10. Flushing is Harmful both at the Reservoir and Downstream. When flushing occurs, it causes dramatic changes in the reservoir water levels which degrades the shorelines, disturb fisheries while that below the dam, the fine silt is highly damaging to pumps eg; Roxburgh orchards, while the silt blankets the river bed, smothering the gravel areas where algae and insects grow, and where fish feed. Further, flushing only works when the silt is fresh and recent and able to be Moved, before it settles and hardens.
  11. Dam Turbines Cut up Fish. Fish following currents downstream, are drawn into and cut up by the power turbines. When fish are trucked or barged around dams, they experience increased stress, disease and decrease their homing instincts.
  12. Dams Increase Predator Risk. Warm, murky reservoirs often favor predators of naturally occurring species. In addition, passage through fish ladders or through turbines that injure or stun fish, eels, making then easy prey for flying predators like gulls, herons and shags.
  13. The Effect of Faulty Design Dam Problems. When dams are not designed to handle extreme flood events; the floodwater is discharged over the dam structure that can be quite destructive to the dam structure and to the riverbanks just below the dam. There is also for the possibility that the dam could collapse, causing a tremendous amount to burst through destroying all in its path.
    Both the Roxburgh and Clyde dams have been designed on underestimating the one in 500 year flood event the Big Flood of 1878. The government engineers at the time, based their dam design calculations on that of the 1878 flood of 3,300 cumsecs, with a 50% safety margin added.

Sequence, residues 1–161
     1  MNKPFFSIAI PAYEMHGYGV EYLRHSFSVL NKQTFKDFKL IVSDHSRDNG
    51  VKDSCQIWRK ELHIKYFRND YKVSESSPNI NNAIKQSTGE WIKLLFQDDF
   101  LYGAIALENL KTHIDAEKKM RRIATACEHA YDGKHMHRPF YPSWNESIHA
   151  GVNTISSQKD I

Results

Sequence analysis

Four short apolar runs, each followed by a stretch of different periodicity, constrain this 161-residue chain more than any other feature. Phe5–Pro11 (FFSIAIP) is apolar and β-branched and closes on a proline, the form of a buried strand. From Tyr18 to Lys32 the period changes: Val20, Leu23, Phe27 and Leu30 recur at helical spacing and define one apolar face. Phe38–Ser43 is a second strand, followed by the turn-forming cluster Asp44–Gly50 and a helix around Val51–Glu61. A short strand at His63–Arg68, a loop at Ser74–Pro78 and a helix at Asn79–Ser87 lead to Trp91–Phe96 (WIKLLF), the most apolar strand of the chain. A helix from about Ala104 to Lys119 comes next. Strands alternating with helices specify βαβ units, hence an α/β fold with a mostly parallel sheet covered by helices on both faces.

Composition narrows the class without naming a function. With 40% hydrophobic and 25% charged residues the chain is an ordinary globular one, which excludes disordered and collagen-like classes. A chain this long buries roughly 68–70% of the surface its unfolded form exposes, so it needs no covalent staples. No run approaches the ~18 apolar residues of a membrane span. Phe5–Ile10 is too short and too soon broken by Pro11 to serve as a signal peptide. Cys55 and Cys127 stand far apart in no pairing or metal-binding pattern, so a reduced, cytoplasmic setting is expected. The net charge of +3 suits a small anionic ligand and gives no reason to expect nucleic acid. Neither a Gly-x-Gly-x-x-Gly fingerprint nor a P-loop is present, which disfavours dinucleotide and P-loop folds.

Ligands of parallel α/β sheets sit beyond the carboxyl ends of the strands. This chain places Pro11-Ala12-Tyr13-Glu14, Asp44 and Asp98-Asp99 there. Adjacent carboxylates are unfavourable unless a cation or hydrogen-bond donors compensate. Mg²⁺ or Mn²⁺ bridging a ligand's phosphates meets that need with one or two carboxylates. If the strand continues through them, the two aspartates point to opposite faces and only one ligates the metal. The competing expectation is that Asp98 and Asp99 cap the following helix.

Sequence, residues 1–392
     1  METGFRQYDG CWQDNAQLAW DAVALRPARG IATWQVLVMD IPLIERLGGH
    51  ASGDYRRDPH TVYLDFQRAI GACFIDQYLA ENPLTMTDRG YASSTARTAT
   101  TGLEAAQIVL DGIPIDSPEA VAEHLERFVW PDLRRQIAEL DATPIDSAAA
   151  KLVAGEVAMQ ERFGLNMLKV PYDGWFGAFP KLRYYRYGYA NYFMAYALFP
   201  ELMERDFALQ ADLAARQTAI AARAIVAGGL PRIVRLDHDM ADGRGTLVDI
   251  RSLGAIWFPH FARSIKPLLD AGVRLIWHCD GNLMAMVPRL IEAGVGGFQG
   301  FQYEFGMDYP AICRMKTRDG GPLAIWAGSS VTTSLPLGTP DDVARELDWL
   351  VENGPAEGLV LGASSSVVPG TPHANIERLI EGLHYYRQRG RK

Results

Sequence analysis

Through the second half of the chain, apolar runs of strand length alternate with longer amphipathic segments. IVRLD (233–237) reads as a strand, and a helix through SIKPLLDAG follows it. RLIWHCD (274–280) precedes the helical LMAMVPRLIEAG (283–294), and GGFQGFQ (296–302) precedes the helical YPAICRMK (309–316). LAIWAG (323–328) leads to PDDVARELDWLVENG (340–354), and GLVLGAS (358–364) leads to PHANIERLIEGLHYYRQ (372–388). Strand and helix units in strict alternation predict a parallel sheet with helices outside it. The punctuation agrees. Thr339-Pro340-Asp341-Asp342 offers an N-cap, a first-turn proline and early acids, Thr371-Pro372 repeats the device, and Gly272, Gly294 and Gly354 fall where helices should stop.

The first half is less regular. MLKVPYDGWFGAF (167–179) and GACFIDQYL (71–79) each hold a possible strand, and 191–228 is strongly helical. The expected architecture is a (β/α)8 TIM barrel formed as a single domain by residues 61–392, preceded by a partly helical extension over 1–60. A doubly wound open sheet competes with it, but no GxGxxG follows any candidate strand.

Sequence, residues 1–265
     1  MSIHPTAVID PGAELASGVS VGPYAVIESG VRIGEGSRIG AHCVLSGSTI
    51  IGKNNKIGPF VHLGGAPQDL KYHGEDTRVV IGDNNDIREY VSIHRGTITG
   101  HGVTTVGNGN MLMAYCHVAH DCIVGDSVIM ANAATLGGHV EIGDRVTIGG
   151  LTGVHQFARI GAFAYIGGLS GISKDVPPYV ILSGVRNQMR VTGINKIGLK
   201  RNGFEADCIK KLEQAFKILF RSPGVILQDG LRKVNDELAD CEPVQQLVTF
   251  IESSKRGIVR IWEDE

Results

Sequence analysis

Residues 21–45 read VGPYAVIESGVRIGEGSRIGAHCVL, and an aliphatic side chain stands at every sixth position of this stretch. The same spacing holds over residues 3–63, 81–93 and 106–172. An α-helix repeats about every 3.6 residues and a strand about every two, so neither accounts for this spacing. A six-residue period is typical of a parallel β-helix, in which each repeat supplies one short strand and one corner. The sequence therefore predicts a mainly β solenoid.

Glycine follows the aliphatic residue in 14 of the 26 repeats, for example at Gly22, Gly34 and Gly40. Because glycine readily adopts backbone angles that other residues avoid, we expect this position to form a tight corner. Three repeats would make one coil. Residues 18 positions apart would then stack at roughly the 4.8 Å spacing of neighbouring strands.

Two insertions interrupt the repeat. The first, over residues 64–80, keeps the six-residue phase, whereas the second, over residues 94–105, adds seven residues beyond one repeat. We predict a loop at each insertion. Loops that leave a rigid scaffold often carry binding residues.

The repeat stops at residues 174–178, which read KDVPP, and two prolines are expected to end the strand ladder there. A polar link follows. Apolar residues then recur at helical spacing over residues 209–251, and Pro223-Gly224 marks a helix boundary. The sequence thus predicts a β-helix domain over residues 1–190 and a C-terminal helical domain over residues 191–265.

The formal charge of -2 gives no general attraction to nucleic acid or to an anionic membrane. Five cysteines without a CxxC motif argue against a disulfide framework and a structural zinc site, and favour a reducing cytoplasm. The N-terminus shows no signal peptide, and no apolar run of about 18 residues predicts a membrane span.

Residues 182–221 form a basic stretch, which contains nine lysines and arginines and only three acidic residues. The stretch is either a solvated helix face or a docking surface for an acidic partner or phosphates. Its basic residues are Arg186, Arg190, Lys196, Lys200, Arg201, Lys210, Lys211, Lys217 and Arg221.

In the 1990ís, the ORC from a river computer model program, now has the 1878 flood at 4650 cumsecs, which now has both the Roxburgh and Clyde dam only able to safely handle a 1 in 100 year flood. Any water that the dam cannot control, will now discharge over the dam structure itself. Not only is the water destructive to the dam structure itself, but also to the riverbed / riverbanks. Further the powerhouse will be in danger and be forced to shut down. This will mean that the power will be lost to the pumps controlling the water in behind the flood banks at Alexandra.

Dams can benefit the community as long as there is a balance between hydropower productions operating such that there is a minimum impact to ecology of the river and effects to riverside / lakeside communities. This requires all power companies to accept all the responsibilities that come with ownership of a national asset

HYDROPOWER WORKS

Honoring the Dam Construction. Often at the dam, at a lake lookout site, can be found a plaque honoring by name the government leader, the engineer, major contracting firm(s), the dams height, its size, commissioning date, volume of water held or diverted, power generation, flood capacity measurements and thatís fine.

But there is never a plaque to what is lost; the names of any species hurt and lost, archaeological sites destroyed, the names of any people displaced, the number of people displaced, communities flooded, the hectares of horticulture and farming land lost, potential loss of new technology eg; vineyards, the cost to the taxpayers, the price of maintenance or decommissioning and why this option was chosen in the first place.

--- From a member of the World Commission on Dams amended to our own local situation.